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The Saratoga Falcon

The Saratoga Falcon

Student uses biology knowledge to help startup company dedicated to Olympiad mastery

The logo for Pandorax’s online website.

After placing top 50 in the nation for USA Biology Olympiad (USABO) a couple of years ago, sophomore Arjun Krish began to think about how he might help others do the same. His idea was for a tutoring company to help his peers prepare for similar competitions. From talking with fellow contestants he met at competitions, Krish slowly started working for over a year on bringing this idea into reality.

By advertising on sites like Discord and Wechat, this vision of a company turned into Pandorax, a limited liability company (LLC) aiming to help students prepare for academic competitions by making free guides and hosting bootcamps,  in-depth classes spanning an hour each. 

Students usually pay $400 for 12 classes or about $33 per class, with each class having roughly around 40-60 students. Krish himself has hosted 7 bootcamps, written 4 guides, each with over 500 pages and created one search engine for topics ranging from biology to physics to calculus.

“We have a Discord community with over 1,000 students who either attend our bootcamps or use our guides to help each other on different topics and competitions, with the supervision of the coaches in our company,” Krish said.

The company was established in late June and kicked off in late July. As the Chief Technology Officer (CTO), Krish’s main role during the first few months of the creation of the company was to design the website. Although Krish didn’t have much prior knowledge with the required coding languages, such as HTML, CSS and JavaScript, a simple search online helped him find a way to develop the skills needed for the project.

Pandorax was established by Krish and other students across the country, including CEO Aiden Pan, a senior in New York, COO Amit Saha, an undergraduate freshman at Georgia Tech and CHRO Aryan Bora, a senior at William P. Clements High School in Texas.

This summer, their company has earned over $20,000 in revenue from teaching over six bootcamp classes. Through meeting each other at competitions and volunteering conferences, they have also recruited over 50 award-winning writers and 21 award-winning instructors including: Ong Zhi Zhang, an International Physics (IPhO) silver medalist and International Olympiad of Astronomy and Astro-Physics (IOAA) gold medalist, Aashray Chegu, a International Earth Science Olympiad(IESO) gold medalist and Science Olympiad national champion and David Zhou, ranked #2 in IESO gold and a National Science Bowl champion.

The initial idea behind Pandorax was to have multiple websites, each dedicated to different STEM Olympiads. For example, “” was the initial link for USABO and “” for calculus, but Krish and his co-founders later decided to put them all together under one company to streamline access for their viewers.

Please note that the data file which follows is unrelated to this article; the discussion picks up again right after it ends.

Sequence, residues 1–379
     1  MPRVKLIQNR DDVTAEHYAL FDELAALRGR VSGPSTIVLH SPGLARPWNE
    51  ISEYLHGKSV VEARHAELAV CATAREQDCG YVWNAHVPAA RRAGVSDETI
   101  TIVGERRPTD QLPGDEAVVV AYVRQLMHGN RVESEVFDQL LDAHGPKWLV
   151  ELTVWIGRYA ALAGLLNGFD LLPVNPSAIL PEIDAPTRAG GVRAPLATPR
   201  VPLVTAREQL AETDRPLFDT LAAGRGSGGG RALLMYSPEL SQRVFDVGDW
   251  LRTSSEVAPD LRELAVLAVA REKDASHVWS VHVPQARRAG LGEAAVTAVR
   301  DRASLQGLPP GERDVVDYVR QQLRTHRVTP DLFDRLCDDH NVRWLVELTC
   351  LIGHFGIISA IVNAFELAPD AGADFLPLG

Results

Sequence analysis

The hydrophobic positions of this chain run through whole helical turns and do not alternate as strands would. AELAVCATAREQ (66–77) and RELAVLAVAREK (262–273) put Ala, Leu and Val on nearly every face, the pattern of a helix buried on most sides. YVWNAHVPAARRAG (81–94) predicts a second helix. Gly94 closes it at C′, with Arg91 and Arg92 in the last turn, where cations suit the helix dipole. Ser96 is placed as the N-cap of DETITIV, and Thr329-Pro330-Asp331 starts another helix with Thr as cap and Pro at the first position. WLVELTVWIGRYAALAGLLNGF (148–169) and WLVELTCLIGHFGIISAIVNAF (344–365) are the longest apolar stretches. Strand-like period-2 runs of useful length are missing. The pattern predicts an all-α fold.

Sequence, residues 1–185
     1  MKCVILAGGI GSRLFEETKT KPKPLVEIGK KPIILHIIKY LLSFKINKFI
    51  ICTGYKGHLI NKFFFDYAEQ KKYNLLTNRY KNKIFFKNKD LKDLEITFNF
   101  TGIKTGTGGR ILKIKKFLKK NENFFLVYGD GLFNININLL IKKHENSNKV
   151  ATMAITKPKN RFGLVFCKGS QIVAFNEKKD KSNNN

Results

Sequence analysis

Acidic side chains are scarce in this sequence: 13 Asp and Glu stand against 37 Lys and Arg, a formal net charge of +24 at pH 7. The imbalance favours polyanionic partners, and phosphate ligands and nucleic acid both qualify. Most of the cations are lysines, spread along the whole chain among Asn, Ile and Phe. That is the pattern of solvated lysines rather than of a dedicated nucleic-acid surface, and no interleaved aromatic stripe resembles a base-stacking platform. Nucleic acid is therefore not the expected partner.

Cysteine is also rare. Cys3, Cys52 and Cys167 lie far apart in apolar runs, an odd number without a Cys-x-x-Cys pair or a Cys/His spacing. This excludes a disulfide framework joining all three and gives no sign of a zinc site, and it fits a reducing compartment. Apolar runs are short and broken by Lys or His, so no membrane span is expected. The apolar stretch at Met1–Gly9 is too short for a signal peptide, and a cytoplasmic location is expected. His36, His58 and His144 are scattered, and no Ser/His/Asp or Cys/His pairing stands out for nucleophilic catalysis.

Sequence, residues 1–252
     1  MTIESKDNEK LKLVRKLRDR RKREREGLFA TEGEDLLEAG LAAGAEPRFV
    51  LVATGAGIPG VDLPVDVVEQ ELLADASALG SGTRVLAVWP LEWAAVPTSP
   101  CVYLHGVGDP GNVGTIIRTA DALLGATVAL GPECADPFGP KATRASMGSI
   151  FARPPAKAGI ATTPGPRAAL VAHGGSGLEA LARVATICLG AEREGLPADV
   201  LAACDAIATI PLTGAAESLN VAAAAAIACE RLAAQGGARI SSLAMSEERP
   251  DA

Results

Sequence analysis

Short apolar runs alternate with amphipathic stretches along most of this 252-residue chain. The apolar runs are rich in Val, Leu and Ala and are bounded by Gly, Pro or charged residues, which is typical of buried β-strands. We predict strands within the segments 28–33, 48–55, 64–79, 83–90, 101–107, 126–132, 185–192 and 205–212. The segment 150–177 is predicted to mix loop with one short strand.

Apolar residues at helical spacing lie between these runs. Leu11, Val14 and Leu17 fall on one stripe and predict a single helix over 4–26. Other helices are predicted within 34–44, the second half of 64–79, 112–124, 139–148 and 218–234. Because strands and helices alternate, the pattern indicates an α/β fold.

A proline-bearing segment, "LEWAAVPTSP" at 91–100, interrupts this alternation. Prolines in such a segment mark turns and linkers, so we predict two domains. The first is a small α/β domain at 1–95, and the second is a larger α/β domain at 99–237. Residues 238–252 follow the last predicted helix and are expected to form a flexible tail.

Although their guides are free, they also provide tuition-based classes. Krish said the money earned from these classes are donated to low income students by funding nonprofit organizations like Teach For America.

“Our company is one of the biggest websites that provide free guides for the different competitions, as we aim to provide an opportunity to every student interested,” Krish said.

Though Krish and the other founders spent a lot of time starting Pandorax, the only people getting paid in the company are the college student instructors who get about $1,000 per every 12-week period. 

Because the written guides made by Krish and the other instructors are free, their main income comes from the classes they provide, coached by high school and college educators. 

“The thing that makes our classes special is that we not only teach students the material, but also coach them and prepare them for each olympiad,” Krish said.  “Just learning the subject is not enough, as you need to develop intuition to use your skills to problem solve.” 

Although the company is still in its early phases, Krish is optimistic for its future. He hopes that the company can expand from teaching to establishing their own products, such as their search engine for research,, as a staple resource for students.

“I see a bright future for both the company and myself and know that it will end up helping thousands of low income students, as well as students who want to learn and improve their competition skills,” Krish said.

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